The void for vagueness doctrine developed by the Supreme Court guarantees that ordinary people have “fair notice” of the conduct prohibited by statute. Papachristou v. Jacksonville, 405 U.S. 156 (1972). Further, the doctrine helps guard against “arbitrary or discriminatory law enforcement by insisting that a statute provide standards to govern the actions of police officers, prosecutors, juries, and judges.” Kolender v. Lawson, 461 U.S. 352 (1983). Essentially, the doctrine serves as a corollary to the separation of powers in that the legislative branch defines what conduct is permitted and what is not. Id. The doctrine limits the power of the legislature to pass laws broad enough to catch all possible offenders and leave it to the police and courts to decide who may be rightfully detained.

In analogizing Johnson with the present case, the Court instructed that “Johnson is a straightforward decision, with equally straightforward application here.” The Court explained that two features of the ACCA’s residual clause at issue in Johnson produced “hopeless indeterminacy” inconsistent with due process, viz.: (1) It created “grave uncertainty about how to estimate the risk posed by a crime” because it linked the judicial assessment of risk to “a hypothesis about the crime’s ‘ordinary case,’ but there is no reliable way to discern what the ordinary version of any offense looked like. And without that, no one could tell how much risk the offense generally posed.” (2) It “left unclear what threshold level of risk made any given crime a ‘violent felony.’” The Johnson Court concluded that layering the latter uncertainty upon the former violated the guarantee of due process. Consequently, the statute did not provide fair notice of what conduct is prohibited.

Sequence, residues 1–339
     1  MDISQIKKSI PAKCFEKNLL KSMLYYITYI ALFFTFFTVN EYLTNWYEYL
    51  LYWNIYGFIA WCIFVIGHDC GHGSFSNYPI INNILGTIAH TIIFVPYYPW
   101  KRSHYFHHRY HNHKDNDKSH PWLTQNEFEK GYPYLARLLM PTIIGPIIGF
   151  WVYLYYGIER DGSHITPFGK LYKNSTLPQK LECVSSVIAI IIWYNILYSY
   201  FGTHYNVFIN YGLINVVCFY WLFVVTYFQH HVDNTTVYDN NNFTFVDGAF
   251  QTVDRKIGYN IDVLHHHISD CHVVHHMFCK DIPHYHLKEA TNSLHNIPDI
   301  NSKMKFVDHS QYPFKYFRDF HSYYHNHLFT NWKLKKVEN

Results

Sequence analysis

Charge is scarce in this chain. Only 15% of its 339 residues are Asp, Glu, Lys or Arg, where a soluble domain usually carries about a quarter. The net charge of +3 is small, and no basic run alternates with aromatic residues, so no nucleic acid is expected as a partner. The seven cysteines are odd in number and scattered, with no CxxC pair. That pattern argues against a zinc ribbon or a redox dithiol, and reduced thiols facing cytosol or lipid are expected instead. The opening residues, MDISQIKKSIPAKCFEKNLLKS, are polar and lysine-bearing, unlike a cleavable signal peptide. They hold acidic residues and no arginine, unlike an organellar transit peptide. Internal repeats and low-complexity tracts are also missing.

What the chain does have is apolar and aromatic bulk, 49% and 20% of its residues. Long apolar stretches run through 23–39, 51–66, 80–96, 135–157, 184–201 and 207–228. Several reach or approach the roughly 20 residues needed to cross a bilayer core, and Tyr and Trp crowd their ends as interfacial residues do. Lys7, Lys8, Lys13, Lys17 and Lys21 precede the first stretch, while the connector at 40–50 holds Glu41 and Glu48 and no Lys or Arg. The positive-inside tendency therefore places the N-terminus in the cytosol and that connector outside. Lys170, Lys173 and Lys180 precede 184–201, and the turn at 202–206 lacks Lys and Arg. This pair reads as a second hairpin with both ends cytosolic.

In Dimaya, the Court determined that § 16(b)’s residual clause suffers from the same constitutional deficiencies as the ACCA’s residual clause in Johnson. As with the ACCA’s clause, § 16(b) also requires courts to identify a crime’s “ordinary case” to measure the crime’s risk. Like in Johnson, nothing in the statute assists courts with that task. The Court stated that with respect to both residual clauses the “ordinary case” is an “excessively ‘speculative,’ essentially inscrutable thing.”

The Court then observed that § 16(b) also shares the second fatal feature of the ACCA’s residual clause — “uncertainty about the level of risk that makes a crime ‘violent.’” As was the case in Johnson, § 16(b) layers the uncertainty about the requisite level of risk upon “a judge-imagined abstraction” of a crime’s “ordinary case.”

With the foregoing deficient features of § 16(b) in mind, the Court concluded that “§ 16(b) produces, just as ACCA’s residual clause did, ‘more unpredictability and arbitrariness than the Due Process Clause tolerates.’ ”

Accordingly, the Supreme Court affirmed the judgment of the Court of Appeals. See: Sessions v. Dimaya, 2018 U.S. LEXIS 2497 (2018). 

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Sessions v. Dimaya